• Abundant Feedstock:Magnetic rare earths are sourced from Molycorp’s world-class rare earth facility in Mountain Pass, California
  • Target markets: Automotive and home appliance sectors

IMJ’s Next-Generation, Low-Dy Sintered NdFeB Magnets

approaches to dy diffusion by the top japanese sintered magnet makers
Approaches to Dy-diffusion by the top Japanese Sintered Magnet Makers
  • Dy-vapor diffusion technique, where thin sintered magnets are thermally treated in Dy-vapor environment
  • Hitachi is currently running a sample evaluation program with key customers and expects full commercialization of the series with new Dy-reduction technologies in 2014.

A number of different grain boundary diffusion techniques have been reported by the various Japanese sintered magnet manufacturers.

  • Blending Dy2O3powder with the NdFeB powder and combining the sintering and Dy-diffusing stages.
  • Also discussed treating Dy-coated sintered magnets.
  • Savings in Dy: 20-50% less Dy
  • Coating 1-5mm thin magnets with Dy2O3 and DyF3slurries and heating these coated magnets for 1-10 hours at 800-900oC
  • Savings in Dy: 60% from original
  • Can be found in new Nissan Leaf 2012 model

Traditional method

Dy Diffusion

the benefits of using rare earth permanent magnet motors
The Benefits of Using Rare Earth Permanent Magnet Motors

Motors with

Zero-DyMQ2 Magnets


Sintered Neo Magnets w/Dy

Motors with

MQ1 Magnets


Motors w/Ferrite Magnets

Permanent Magnet



Induction Motors

Lower Dy content leverages larger global supply of light REs

  • Performance
  • Torque Density
  • Fuel Efficiency
  • Energy Efficiency (esp. for appliances)
  • Greater Functionality
  • Energy Efficiency
  • Dynamic Performance
  • OperationalEfficiencies
  • ContinuousTorque
  • Bearing Life


MQ2 magnets can offer 18% lower overall material cost in a similar size and weight envelope





Thermal Stability, Torque Density, Fuel & Power Efficiency

  • Lifecycle Costs
  • Size & Weight
  • Noise & Vibration
  • OperatingTemperature
  • Current
  • Ramp-up Time
  • Lifecycle Costs
  • Size and Weight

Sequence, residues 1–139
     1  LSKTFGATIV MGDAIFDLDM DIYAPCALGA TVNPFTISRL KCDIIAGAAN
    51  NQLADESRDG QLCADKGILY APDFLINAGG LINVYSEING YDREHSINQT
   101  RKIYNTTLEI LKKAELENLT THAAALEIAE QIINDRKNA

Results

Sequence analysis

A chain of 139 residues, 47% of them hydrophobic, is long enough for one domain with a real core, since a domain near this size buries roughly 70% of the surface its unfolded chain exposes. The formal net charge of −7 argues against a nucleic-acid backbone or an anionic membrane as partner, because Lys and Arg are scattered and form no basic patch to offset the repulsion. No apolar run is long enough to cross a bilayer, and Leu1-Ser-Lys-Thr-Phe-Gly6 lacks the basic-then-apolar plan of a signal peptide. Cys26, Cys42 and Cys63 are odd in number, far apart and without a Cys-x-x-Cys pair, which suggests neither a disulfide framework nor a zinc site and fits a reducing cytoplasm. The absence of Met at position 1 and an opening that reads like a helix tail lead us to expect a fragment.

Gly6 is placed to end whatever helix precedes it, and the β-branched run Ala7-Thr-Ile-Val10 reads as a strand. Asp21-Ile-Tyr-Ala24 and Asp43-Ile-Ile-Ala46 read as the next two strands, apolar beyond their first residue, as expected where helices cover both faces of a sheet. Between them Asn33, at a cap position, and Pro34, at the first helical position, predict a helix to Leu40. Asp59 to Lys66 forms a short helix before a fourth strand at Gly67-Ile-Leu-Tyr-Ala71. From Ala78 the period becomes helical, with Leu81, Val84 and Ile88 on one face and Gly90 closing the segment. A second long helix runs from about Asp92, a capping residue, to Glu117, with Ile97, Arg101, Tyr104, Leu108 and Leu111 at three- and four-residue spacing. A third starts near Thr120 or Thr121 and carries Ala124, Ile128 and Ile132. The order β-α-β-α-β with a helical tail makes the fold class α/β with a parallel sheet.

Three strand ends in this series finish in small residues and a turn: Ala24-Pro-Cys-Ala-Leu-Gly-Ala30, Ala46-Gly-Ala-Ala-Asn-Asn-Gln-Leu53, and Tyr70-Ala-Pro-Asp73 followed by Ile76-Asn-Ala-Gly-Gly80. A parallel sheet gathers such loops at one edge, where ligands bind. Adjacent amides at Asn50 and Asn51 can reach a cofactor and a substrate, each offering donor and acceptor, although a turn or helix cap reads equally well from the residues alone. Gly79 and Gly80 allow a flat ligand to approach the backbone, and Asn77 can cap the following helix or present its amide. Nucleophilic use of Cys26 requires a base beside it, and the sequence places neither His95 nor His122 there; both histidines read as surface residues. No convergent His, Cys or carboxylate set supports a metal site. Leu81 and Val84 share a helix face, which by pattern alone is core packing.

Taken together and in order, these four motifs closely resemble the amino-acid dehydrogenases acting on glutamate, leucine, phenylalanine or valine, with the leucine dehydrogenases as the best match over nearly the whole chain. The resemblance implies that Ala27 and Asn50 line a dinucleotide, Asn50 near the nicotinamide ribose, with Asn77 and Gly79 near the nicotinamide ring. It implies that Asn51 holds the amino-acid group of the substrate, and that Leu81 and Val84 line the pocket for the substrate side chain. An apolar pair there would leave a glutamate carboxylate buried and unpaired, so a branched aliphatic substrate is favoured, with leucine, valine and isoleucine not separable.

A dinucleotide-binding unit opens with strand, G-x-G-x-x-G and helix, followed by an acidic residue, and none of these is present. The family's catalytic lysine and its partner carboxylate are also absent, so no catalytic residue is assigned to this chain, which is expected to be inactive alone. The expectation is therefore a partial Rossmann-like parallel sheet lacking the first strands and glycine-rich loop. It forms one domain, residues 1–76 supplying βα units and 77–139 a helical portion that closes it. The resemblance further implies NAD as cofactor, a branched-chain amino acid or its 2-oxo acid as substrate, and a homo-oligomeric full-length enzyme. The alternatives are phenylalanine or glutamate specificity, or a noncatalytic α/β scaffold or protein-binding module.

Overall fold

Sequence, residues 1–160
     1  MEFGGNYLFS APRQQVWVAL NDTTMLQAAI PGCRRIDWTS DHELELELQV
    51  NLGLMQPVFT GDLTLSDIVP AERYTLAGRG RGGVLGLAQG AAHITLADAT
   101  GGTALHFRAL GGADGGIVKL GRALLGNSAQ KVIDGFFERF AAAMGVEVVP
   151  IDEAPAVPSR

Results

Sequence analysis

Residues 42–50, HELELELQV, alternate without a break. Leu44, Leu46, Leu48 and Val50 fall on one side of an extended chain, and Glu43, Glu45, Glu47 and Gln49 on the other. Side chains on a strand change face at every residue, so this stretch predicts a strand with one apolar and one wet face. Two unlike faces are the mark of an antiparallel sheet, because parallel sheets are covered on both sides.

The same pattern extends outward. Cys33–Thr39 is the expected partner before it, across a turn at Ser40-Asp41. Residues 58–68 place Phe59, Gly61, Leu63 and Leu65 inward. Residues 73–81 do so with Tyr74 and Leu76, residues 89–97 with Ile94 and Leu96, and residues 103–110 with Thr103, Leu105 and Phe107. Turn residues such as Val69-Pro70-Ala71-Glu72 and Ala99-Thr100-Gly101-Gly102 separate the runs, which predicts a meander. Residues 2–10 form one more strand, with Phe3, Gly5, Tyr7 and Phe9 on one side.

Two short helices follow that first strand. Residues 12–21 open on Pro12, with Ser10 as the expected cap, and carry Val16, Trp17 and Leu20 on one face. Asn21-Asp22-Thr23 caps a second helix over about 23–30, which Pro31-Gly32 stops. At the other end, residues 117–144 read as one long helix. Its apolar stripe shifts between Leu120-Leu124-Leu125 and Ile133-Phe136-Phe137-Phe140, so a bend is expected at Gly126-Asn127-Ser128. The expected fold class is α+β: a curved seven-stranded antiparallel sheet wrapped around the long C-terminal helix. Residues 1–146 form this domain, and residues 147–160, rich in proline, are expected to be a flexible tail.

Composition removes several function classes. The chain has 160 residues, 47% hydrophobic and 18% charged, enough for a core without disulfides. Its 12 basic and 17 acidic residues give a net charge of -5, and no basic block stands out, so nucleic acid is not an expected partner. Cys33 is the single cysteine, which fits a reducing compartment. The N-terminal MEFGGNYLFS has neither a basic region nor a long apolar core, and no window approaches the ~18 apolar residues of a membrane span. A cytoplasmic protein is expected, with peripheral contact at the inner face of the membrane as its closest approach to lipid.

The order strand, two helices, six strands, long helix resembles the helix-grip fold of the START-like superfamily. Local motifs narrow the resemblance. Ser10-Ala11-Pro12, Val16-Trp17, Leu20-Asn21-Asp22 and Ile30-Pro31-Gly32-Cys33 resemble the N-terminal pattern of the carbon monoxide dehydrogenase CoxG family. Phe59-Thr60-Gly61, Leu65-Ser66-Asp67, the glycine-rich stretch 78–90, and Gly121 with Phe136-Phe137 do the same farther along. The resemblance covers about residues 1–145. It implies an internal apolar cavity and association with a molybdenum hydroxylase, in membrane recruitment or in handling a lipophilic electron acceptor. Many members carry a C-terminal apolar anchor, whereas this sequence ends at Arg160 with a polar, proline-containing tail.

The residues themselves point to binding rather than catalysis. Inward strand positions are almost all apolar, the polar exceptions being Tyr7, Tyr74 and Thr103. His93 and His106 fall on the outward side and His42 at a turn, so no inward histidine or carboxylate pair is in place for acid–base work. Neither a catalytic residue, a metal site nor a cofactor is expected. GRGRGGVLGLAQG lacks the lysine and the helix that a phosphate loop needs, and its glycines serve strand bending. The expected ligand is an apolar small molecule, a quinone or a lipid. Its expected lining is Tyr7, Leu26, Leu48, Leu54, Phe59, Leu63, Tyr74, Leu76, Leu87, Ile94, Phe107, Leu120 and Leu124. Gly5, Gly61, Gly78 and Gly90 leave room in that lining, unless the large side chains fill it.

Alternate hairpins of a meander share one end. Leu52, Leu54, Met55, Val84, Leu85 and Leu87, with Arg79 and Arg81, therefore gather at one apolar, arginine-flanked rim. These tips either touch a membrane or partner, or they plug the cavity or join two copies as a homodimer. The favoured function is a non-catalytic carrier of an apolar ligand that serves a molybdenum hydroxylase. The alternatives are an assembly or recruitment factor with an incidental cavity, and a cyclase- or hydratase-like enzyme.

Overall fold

• CO2 and other emissions
  • Energy consumption



Noise, Vibration, Cogging Torque

Induction Motor (left) versus comparable permanent magnet motor

Ferrite magnet-based motor (left) versus comparable MQ1 motor

design innovation allows low to zero dy magnets
Design Innovation Allows Low-to-Zero Dy Magnets
  • High Efficiency Refrigerator Fan Motor

Residential HVAC Circulation Pump

Compressors for AC Systems

Action:Replaced motors using ferrite magnets in refrigerator fan motor with MQ1 magnets


    • Reduce the size of the motor: height by 70% and diameter by 27%
  • Motor efficiency improved by 10%, resulting in 1~2% improvement in whole refrigerator system
  • Better design by eliminating protruded parts due to the height of motors and fans
  • Action:Replaced induction motor in circulation pumps with motors using MQ1 magnets


    • Helps pumps meet new energy efficiency standards
    • Reduces energy consumption
    • EU ordinance prohibits the sale of technically outmoded, inefficient pump models from 2013 onwards
    • Replacement is cost-effective

Action:Replaced motor using sintered Neo magnets (7-8% Dy) with MQ3 (2-3% Dy) magnets


  • Performance maintained while reducing component costs with less Dy
companies utilizing ndfeb magnets in motors components
Companies Utilizing NdFeB Magnets in Motors & Components

Power Steering Sensor Motor

AC Compressor Motor

Engine Cooling Fan Motor

Seat Motor

Fuel Pump Motor

Headlight Adjustment Motor

Bicycle Dynamo

Window Lift Motor

companies utilizing ndfeb magnets in motors components1
Companies Utilizing NdFeB Magnets in Motors & Components

Ceiling Fan


AC Motor



companies utilizing ndfeb magnets in motors components2
Companies Utilizing NdFeB Magnets in Motors & Components

Hard Disk Drives

Optical Disk Drives


Office Automation



Heavy rare earths are becoming less and less of an impediment to the security of supply of high-performance NdFeB magnets.

Global production outside of China of magnetic rare earths is rising, and Molycorp’s integrated supply chains offer flexible entry points, security of supply, pricing visibility, and long-term contracts – inside or outside of China.



Using rare earth permanent magnets in motors, instead of ferrite magnets, delivers many powerful economic and environmental benefits to manufacturers and consumers.


Given that motors consume an estimated 45% of all energy generated globally, increasing motor efficiencies through rare earth permanent magnets promises many powerful environmental and energy savings benefits to the world.


For more information, please contact:

general comments on rare earth demand supply
General Comments on Rare Earth Demand & Supply
  • With the imminent production from India, Mt. Weld, Mountain Pass and Kazakhstan the Rest of the World (ROW) should be self-sufficient in light rare earths within the next 2-4 years.
    • Over the past 10 years, a steady build-up of consumption and production by China has occurred.